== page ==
Cuba Launches Mandarin Chinese Classes in High Schools

Cuba Launches Mandarin Chinese Classes in High Schools

HAVANA, Nov. 7th Cuba’s Ministry of Education announced this week that it would import Chinese teachers into high school classrooms to…teach children Mandarin as part of an expanded “educational exchange” program with Beijing, the Spain-based Diario de Cuba reported on Tuesday.

China and Cuba signed educational agreements Monday in which the Chinese Communist Party agreed to ship textbooks, educational equipment, and Mandarin language teachers to Cuba to teach in Cuban schools.

“Promoting the teaching of the language of the Asian giant to select basic high schools is… among the actions [taken in the educational exchange], which the ministry of that country [China] will provide professors, textbooks, equipment, and necessary materials for,” the Cuban News Agency, a communist-run outlet, announced on Monday.

The agreement will last for at least two years and includes other, less-specific efforts to exchange academic materials and skills. It also includes at least 200 scholarships that China will distribute to Cuban students.

The Cuban regime did not announce an analogous program of Cuban teachers traveling to China to teach Spanish.

Mandarin is the Chinese language spoken in Beijing and much of northern China. China is home to a variety of languages, including Cantonese – the language most commonly spoken in Hong Kong and southern China – and languages belonging to China’s ethnic minorities such as Uyghur and Kyrgyz.

Communist dictator Xi Jinping has launched a campaign to eradicate other languages and impose Mandarin throughout the nation, often with the use of force, particularly in Uyghur-populated western China.

Xi is also promoting efforts to force locals to speak Mandarin in nations it is attempting to colonize through its Belt and Road Initiative (BRI), a global infrastructure project with which China claims it is attempting to link Beijing to western Europe. However, the BRI has offered predatory loans far beyond the scope of the “ancient Silk Road,” particularly in Africa and Latin America.

The government of Uganda began imposing Mandarin language classes in its schools nearly a year ago.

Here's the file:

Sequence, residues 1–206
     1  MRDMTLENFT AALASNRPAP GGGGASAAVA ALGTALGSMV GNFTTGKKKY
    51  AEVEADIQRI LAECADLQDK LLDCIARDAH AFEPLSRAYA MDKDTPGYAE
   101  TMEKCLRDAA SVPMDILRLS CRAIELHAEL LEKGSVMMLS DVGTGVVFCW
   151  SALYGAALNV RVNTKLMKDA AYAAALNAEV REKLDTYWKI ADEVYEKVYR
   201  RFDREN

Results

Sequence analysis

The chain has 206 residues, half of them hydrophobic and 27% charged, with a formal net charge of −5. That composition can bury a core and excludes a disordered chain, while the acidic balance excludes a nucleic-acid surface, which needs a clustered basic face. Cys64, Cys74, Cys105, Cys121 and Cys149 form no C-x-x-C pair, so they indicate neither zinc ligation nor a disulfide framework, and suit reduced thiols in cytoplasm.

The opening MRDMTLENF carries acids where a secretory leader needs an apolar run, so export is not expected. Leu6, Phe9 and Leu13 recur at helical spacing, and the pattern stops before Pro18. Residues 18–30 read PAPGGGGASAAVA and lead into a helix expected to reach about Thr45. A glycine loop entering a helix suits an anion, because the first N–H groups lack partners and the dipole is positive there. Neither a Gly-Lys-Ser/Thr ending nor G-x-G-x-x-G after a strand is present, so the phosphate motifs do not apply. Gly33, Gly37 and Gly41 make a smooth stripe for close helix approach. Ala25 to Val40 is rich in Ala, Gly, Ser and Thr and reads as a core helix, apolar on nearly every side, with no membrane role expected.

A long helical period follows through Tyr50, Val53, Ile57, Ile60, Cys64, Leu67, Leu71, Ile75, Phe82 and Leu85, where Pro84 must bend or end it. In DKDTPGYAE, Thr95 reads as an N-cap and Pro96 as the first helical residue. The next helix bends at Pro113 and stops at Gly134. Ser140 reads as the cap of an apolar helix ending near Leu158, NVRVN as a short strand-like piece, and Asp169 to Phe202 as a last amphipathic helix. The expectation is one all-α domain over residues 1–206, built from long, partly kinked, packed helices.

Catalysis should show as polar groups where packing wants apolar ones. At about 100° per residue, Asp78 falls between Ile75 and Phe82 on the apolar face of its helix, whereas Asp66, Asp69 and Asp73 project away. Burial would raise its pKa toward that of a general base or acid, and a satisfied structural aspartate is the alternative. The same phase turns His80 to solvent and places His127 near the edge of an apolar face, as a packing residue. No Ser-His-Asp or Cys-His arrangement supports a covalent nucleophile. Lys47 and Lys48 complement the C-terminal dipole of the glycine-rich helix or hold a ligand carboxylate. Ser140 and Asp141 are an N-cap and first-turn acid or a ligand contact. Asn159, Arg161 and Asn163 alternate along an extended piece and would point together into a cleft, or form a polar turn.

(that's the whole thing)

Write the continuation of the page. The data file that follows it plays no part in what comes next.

Cuban second-in-command, “President” Miguel Díaz-Canel, agreed to bring Belt and Road to Cuba during a visit to Beijing in December 2018, despite the fact that Cuba was not part of the known world during the time of the ancient Silk Road. Díaz-Canel traveled to Beijing at the behest of dictator Raúl Castro and received a warm welcome from Xi Jinping.

“As socialist countries, China and Cuba are good friends, comrades, and brothers,” he said at the time. “Chinese people will never forget that Cuba, led by Comrade Fidel Castro, was the first nation in the western hemisphere to forge diplomatic ties with China 58 years ago.”

China is Cuba’s largest trading partner.

Since that visit, Cuba took out a hefty loan to import Chinese workers to build a modern railway connecting the east and west regional capitals of the island, Havana and Santiago de Cuba (Havana is also the national capital). The railway made its debut in July, featuring the first new rail cars used on the island in 44 years. The round trip is estimated to take 14 hours and feature “luxury” accommodations.

Neither government overtly identified the railway as a BRI project.

Cuba’s government has experienced a collapse in its revenue, which has mostly used in the 60 years since the Cuban Revolution to enrich the Castro family. Modern Cuba relied on Venezuela’s vast oil riches to stay afloat as it is a communist economy that produces nothing of value. While Venezuela’s turn towards socialism is what granted Cuba access to its natural resources, it also collapsed the Venezuelan economy, creating mass shortages of basic goods in Cuba.

The Castro regime announced in January that it would invest heavily in a marketing campaign to attract more Chinese tourists. The first step in doing so was allowing China to overrun Cuban academic institutions through its “Confucius Institutes,” which Beijing uses to enforce communist dogma in host countries. Professors began teaching Mandarin in Havana in 2018 to help Cuban college graduates find jobs in tourism, where they could give Chinese visitors a warmer welcome.

The newly announced Mandarin program will presumably also factor into the tourism industry, attracting service workers who do not go to college.

Havana also announced it would open two new Chinese restaurants in 2019. The dire shortages of eggs, milk, chicken, and other basic food goods suffered by residents of Havana always manage to avoid affecting the luxury hospitality industry run by the Castro regime in the city.

“Every day we want to insert more Chinese products and technologies in the tourism sector. And currently, in addition to buses and vehicles for rent, we have bought air conditioners for rooms in many hotels,” Michel Bernal, director of the development sector at the Tourism Ministry (Mintur), told the Chinese communist state news agency Xinhua in January. “we are also assessing other goods for the Cuban hotel industry.”

In July, Mintur bought advertisements on the sides of buses in Shanghai, Beijing, and Guangzhou urging Chinese citizens to come to visit “authentic Cuba.”

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